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ANSEP Acceleration High School component doubles enrollment for 2017-18 school year, sees success rate of more than 90 percent in first-year students seeking college credits

05-Oct-2017

ANCHORAGE, ALASKA – In its inaugural year, the Alaska Native Science & Engineering Program Acceleration High School had 27 students who earned more than 250 college credits, which represents a 92 percent success rate for Acceleration High School students in their college-level courses. This, paired with the reputation ANSEP has built for success around the state, led to the Acceleration High School component more than doubling its enrollment for this new school year.

Offered in partnership with the Matanuska-Susitna Borough School District, the full-time high school component at Mat-Su Career and Technical High School in Wasilla offers students an accelerated learning style using ANSEP’s proven educational model. The component aims to save students, their families and the State of Alaska millions of dollars annually.
 
Data from the Alaska Department of Education 2017 PEAKS exam revealed 68 percent of Alaska’s 10th graders to be below proficient or far below proficient in English and more than 85.35 percent to be below proficient or far below proficient in math. In 2017, 20 percent of Alaska’s high school graduates met all four ACT College Readiness Benchmarks, and only 16 percent of Alaska’s students meet the ACT STEM benchmark for college readiness.
 
“The Acceleration High School component is demonstrating how we can create change, improve the situation and assure students arrive not only academically prepared for college but even ahead of the game,” Schroeder added.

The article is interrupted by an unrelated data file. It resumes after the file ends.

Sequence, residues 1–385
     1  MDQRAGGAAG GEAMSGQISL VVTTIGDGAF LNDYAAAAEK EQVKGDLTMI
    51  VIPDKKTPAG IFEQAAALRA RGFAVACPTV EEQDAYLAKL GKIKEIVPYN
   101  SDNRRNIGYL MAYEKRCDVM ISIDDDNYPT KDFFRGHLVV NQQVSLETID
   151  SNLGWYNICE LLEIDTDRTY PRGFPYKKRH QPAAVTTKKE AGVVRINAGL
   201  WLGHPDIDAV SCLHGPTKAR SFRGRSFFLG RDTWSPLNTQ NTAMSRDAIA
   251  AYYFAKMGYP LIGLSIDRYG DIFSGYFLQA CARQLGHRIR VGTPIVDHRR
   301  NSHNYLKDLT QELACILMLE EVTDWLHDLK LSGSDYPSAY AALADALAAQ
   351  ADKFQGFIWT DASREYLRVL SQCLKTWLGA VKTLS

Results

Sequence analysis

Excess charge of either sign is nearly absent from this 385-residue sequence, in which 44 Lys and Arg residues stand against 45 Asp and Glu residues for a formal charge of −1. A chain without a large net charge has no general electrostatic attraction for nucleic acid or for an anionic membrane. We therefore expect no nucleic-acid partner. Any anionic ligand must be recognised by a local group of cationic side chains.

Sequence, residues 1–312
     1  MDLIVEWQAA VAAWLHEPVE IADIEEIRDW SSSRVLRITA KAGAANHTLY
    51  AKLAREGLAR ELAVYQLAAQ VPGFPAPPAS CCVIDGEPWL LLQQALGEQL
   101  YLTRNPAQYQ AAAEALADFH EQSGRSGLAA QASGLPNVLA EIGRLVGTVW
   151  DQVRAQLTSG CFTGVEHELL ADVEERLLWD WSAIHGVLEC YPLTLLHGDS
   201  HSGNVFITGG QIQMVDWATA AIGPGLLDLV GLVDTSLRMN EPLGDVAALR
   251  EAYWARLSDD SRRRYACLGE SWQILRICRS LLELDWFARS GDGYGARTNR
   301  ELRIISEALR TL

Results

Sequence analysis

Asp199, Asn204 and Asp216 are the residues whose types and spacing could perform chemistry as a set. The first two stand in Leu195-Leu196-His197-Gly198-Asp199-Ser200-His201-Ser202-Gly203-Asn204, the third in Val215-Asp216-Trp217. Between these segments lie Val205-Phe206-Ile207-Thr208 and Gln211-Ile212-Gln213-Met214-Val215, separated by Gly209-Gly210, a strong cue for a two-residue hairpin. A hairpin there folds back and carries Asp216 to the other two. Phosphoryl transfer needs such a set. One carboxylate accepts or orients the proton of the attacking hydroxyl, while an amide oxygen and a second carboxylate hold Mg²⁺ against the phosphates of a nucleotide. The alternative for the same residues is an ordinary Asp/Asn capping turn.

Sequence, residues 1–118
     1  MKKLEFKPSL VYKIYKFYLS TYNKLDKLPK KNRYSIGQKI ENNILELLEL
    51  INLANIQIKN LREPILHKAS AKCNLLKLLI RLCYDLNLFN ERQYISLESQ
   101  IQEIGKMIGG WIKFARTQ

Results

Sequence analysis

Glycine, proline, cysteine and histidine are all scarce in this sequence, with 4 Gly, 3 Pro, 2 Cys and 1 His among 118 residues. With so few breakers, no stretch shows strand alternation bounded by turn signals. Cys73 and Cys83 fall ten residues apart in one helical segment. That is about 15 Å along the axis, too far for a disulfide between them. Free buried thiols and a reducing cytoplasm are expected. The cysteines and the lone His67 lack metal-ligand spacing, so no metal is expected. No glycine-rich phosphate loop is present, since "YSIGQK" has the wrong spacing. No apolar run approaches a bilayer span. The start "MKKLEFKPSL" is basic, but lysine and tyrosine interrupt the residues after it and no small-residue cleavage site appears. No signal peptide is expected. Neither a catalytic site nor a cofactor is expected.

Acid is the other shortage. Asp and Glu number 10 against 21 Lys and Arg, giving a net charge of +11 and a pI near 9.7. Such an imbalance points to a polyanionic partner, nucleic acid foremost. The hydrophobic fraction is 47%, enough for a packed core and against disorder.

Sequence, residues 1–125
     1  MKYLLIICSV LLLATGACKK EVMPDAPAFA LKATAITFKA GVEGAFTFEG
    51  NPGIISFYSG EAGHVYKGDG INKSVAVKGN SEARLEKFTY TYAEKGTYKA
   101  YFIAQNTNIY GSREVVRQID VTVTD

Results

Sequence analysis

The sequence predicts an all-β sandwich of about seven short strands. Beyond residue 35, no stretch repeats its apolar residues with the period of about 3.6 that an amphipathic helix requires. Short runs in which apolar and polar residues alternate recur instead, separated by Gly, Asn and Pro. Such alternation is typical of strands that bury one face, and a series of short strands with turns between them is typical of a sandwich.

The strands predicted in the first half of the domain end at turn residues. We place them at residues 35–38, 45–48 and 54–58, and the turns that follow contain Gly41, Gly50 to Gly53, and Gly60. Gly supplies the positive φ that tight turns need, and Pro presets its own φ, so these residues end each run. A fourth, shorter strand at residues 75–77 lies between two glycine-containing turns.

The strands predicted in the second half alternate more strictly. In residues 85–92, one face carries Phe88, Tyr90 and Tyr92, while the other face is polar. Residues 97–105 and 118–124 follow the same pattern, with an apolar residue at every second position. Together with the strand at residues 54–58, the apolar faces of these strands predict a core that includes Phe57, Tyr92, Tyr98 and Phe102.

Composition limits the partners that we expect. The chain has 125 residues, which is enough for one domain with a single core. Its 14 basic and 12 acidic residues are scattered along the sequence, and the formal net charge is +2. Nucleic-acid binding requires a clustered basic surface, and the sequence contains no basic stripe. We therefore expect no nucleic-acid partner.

ANSEP Acceleration High School students begin taking college courses immediately and have the ability to accumulate college credits that apply toward many degree programs within the University of Alaska. The component strives to ensure students are college-ready by the end of their third year of high school as well as eliminate the need for a fourth year at the university. With three years in high school and three years in college, students will be career-ready by age 20. Through this model, ANSEP student Tommi Crist, a junior at Acceleration High School, is on track to exceed that goal.
 
“Right now I have 32 college credits – I earned 26 of those last year at the ANSEP Acceleration High School component and then the rest during the summer at Acceleration Academy. It’s hard to grasp how far ahead I am, but I’m really excited about it. There was a time when I was actually behind in school, but ANSEP changed that. It really showed me that I can take advanced classes, it’s just about how you look at the problem in front of you. It showed me math and science can be fun, and now it’s what I want to do with my future,” Crist said.
 
In its second year, the ANSEP Acceleration High School component has more than doubled the number of students participating, with 66 students now enrolled. Based on University of Alaska Anchorage requirements, the curriculum allows students to earn 55 credits or more toward a bachelor degree program from science and engineering to education, business management and others. Though not all students are certain which career path they will choose, the curriculum offers the opportunity to get a jumpstart on general education requirements. Brock Grant attended the high school as an eighth-grade student last year and earned 20 general education credits, including courses in Alaska Native language studies, English and math.
 
“I didn’t think that I could ever take college classes, especially not in eighth grade. Now I know I can actually do this, which is going to make me more confident when I get to college. I don’t know exactly what I want to do yet, but ANSEP is showing me all the different career options, and right now I’m just excited to take on more college classes and get ahead,” Grant said.
 
The school is open to students of all career interests who plan to attend college. In 2018, ANSEP will partner with the Anchorage School District, offering even more students year-round access to ANSEP’s proven educational model on the UAA campus. Since ANSEP began in 1995, approximately 600 Alaska Native students have graduated from the University of Alaska system with a bachelor’s degree in a STEM field. With more than 2,000 students in the ANSEP pipeline, the program’s proven model is systemically improving the hiring patterns of Alaska Natives in STEM fields within Alaska. Learn more about ANSEP Acceleration High School here.

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